America's Future....Will it be the next Rome?

This is a sobering article from David Walker, the Comptroller General of the United States. If we're not careful as a nation, our fate will be the same as Rome.
It is a scary thought. Our leaders seem to be asleep at the wheel...Our "decider-in-chief" is just interested in gathering power and not thinking about the day after...

Here is the article, courtesy of the Financial Times. The article appeared in the August 22, 2007 edition of the FT editorial page and is available at http://www.ft.com.

The US is a great nation, possibly the greatest of all time. Yet to keep America great, policymakers must learn certain lessons from history, notably the downfall of the Roman republic.

The world has changed dramatically in recent years. The US is currently the sole superpower on earth but that exclusive status is likely to be short-lived. While the US is number one in many things, from the size of its economy to military might, it faces several big sustainability challenges.

America's fiscal, healthcare, education, energy, environment, immigration and Iraq policies are in need of review and revision. Timely action is needed because Washington's historical crisis-management approach to dealing with hard public policy choices is no longer prudent.

From a fiscal perspective, a few vital statistics underline the problems. First, while short-term federal deficits are coming down, they are still too high given the impending retirement of the "baby boomers" and the fact that the cost of the global war on terrorism accounts for just a fraction of US operating deficits. In fiscal 2006 the war cost was about $100bn compared with a total operating deficit of about $434bn.

Second, the nation's total liabilities and unfunded commitments for pension and health programmes for the elderly (Social Security and Medicare, respectively) have mushroomed from about $20,000bn to about $50,000bn in the six-year period ending in fiscal 2006, driven largely by the passage of the Medicare prescription drug benefit and the failure to impose planned Medicare cost controls.

Furthermore, many believe that the assumptions for long-term health cost increases used to calculate these Medicare numbers are too optimistic. Despite these sobering facts, some members of Congress are trying covertly to eliminate the current provision designed to control Medicare spending as part of unrelated legislation pending in Congress. When will common sense come to Washington?

The US has faced big challenges in the past and it has always risen to them. However, we must not take comfort in our nation's current superpower status and past success. For a lessonin what we should avoid, we must learn from history. In this regard, the Roman republic fell for a number of reasons and three in particular resonate today.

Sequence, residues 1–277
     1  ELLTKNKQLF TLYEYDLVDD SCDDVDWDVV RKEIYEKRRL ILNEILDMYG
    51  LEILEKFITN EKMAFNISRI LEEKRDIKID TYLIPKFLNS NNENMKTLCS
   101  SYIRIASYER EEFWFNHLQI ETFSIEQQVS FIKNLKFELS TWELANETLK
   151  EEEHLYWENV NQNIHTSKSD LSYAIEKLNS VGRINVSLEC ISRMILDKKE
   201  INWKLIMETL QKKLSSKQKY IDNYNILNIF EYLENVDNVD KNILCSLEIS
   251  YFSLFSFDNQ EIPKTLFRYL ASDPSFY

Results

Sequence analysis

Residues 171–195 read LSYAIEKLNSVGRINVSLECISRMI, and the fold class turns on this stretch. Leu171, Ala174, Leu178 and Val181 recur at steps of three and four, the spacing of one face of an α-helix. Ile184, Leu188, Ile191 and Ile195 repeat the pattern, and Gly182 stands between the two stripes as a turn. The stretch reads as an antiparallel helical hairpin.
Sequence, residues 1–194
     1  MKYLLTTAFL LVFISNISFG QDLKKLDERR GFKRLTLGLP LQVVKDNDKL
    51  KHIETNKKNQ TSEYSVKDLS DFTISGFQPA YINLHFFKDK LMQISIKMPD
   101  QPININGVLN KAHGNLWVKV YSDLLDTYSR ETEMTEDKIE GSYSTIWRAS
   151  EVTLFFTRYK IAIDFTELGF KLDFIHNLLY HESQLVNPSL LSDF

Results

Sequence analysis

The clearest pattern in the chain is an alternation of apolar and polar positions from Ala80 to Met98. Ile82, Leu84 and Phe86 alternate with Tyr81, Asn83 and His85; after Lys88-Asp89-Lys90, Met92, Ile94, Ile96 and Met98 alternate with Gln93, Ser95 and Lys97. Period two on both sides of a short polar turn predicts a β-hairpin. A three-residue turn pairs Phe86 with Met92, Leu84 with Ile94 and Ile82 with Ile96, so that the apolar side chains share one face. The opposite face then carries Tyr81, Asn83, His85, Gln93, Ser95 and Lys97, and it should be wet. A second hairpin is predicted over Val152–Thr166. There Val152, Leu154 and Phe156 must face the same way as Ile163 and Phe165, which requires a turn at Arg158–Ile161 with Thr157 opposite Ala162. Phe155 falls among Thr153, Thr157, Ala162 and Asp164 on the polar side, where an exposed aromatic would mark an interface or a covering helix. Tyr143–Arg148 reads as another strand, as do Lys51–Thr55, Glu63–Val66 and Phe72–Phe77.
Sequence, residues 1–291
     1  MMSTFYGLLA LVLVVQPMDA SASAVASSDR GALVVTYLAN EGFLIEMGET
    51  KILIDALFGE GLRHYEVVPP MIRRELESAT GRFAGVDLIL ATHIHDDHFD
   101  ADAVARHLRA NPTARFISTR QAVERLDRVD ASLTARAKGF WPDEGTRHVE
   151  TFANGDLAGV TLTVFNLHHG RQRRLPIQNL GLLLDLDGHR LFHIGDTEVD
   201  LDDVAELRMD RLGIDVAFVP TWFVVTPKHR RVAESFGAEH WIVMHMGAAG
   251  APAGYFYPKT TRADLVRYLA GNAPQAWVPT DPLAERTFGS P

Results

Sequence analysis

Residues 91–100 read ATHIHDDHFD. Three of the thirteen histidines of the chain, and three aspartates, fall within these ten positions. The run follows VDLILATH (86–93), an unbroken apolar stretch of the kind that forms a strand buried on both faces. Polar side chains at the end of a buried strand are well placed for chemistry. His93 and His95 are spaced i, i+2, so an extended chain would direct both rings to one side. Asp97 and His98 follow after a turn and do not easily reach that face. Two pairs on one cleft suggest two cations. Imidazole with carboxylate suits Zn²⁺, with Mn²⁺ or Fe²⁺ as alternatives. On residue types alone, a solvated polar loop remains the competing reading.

First, there has been a decline in moral values and political civility at home. Examples include the devaluation of life, greater self-centredness by individuals and increased partisanship and ideological divides in Congress.

Second, we now have an overextended military around the world. While the US military is unmatched as to its capabilities, it is under stress and stretched very thin.

Last, there is fiscal irresponsibility by the central government. Our debt ratios are set to increase dramatically when the baby boomers retire.

What type of actions are needed?

First, the next president should make the issue of "fiscal responsibility and intergenerational equity" one of his/her top priorities. This includes reformingSocial Security, healthcare and our tax systems. Tax reform should aim to improve the simplicity, credibility and equity of the system.

It is also vital that a few courageous and credible champions emerge in both houses of Congress and from both parties to work with the new president to make long-overdue reforms happen.

While it is highly unlikely that big reforms will occur during the balance of the Bush administration, some meaningful progress can and should be made before January 2009. Elected officials should work to pass tough budget controls to help slow our fiscal bleeding. They should also work with the Government Accountability Office to enhance transparency regarding our longer-range fiscal challenges, targeting current financial reporting practices and budgeting processes. Last, they should create a capable, credible and bipartisan commission to set the stage for significant reforms in 2009.

These actions would enhance our chances for meaningful reform. They would also improve respect for and confidence in elected officials, whose approval levels hover near historical lows. As George Washington once said, we should avoid "ungenerously throwing upon posterity the burdens that we ourselves ought to bear". US elected officials should heed these words, learn from history and start making tough choices to ensure that the US is the first republic to stand the test of time.

The writer is comptroller general of the United States and head of the USGovernment Accountability Office
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